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Linux/Unix - Configuration

We have not yet tested all distributions (nor do we intend to!), just the most commonly-used ones. 

Network Manager

Network manager is used by Ubuntu (and other linux distributions) to manage network connections. It provides a convenient and user-friendly method of configuring VPN connections. It's used by default by desktop environments like Gnome and KDE. (Different desktop environments have different interfaces, so the images below might not match your experience perfectly. The available options should be the same, though.) If you don't use Network Manager then have a look at our general Linux instructions instead of this page.

To configure the VPN using NetworkManager, right-click the icon in your notification area - usually the top-right corner of the screen, but not universally. You should see a menu similar to the one below:

(NB: If you're not sure you have the right icon, the 'About' item will tell you that this icon is for Network Manager. If you get something else, try again elsewhere.)

Click on the 'Edit connections...' menu item to open the Network Connections screen.

From the Network Connections screen click the 'Add' button. On some versions of Linux you may need to switch to a tab labelled 'VPN' first.

Add a new VPN

Look through the list of network types offered. You may have an option to import a saved VPN connection. If you do, pick that one and use the config file here as the configuration to import.

If you don't have an option to import a saved config you will have to set things up by hand.

The type of VPN used by the Department of Chemistry is OpenVPN, so you should select that option. If you don't get an option to select that, you should install the OpenVPN module for network manager (in Ubuntu/Debian, the package is called 'network-manager-openvpn'. On some machines you'll also need to install 'network-manager-openvpn-gnome'. Note: if you install either of those packages, you will have the option to select OpenVPN immediately but you will need to reboot before anything works. Save some bother and reboot immediately after installing.).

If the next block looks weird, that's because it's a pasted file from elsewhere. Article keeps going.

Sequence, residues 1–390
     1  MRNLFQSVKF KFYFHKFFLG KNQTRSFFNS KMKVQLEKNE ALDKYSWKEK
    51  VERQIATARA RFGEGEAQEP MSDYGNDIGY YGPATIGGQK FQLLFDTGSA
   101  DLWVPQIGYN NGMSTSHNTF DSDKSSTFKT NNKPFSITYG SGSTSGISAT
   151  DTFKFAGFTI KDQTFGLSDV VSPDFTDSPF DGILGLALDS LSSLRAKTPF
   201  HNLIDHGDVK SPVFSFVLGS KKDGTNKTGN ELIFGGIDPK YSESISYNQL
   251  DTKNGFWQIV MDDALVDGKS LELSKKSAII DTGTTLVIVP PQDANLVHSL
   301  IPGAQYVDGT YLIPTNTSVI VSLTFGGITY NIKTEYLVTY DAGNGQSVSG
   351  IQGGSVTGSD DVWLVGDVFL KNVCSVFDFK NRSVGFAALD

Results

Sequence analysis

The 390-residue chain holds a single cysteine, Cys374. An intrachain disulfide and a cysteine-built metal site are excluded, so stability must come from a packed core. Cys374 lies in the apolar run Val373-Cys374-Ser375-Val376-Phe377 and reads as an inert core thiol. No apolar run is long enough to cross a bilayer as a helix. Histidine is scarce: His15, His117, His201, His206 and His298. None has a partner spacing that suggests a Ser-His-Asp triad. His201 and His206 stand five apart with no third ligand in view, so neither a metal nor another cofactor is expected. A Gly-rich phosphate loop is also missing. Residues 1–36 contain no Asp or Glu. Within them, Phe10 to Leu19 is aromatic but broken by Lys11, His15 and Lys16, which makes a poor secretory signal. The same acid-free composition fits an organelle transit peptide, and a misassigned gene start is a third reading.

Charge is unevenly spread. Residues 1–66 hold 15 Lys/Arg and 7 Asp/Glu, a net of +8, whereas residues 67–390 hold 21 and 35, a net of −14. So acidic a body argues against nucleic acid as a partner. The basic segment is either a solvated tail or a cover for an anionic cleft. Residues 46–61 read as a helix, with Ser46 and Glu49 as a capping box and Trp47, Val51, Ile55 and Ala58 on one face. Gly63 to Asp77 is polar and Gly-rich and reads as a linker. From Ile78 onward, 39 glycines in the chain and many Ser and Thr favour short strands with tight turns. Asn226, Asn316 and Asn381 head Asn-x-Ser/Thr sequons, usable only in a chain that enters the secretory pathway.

OpenVPN uses some files which need to be saved onto your machine. It's important that these files don't get deleted, so create a directory somewhere safe like your home directry. Put the following files in there:

Fill in the configuration for the VPN connection:

  • Gateway: (nb the screenshot above shows a different gateway - it is out of date)
  • Type: Password with Certificates (TLS)
  • User name: Your CRSID (the first part of your @cam email address) followed by
  • Password: Your ChemNet token. Collect this from
  • User Certificate: Select the file 'client1.crt' you downloaded earlier
  • CA Certificate: Select the file 'ca.crt' you downloaded earlier
  • Private Key: select the file 'client1.key' you downloaded earlier
  • Private Key Password: Leave this blank!

There are some more settings under 'Advanced' which should be changed:

On the 'General' Tab, set:

OpenVPN advanced config, described in the list below

  • Use custom gateway port: should be left blank
  • Use custom renegotiation interval: should be checked and set to zero
  • Use LZO data compression: should be left blank
  • Use a TCP connection: should be left blank
  • Set virtual device type: select 'TUN' and set the name to 'tun'
  • All other options should be left blank

Now go to the Security tab and set the cipher setting to AES-256-CBC

The TLS Authentication and Proxy tabs don't need to have any changes.

Click 'Apply'

Now you should be able to start the VPN by going to the Network Connections menu and selecting it from the available VPNs.

Did it work?

Click on this link to find out.


There is troubleshooting information at

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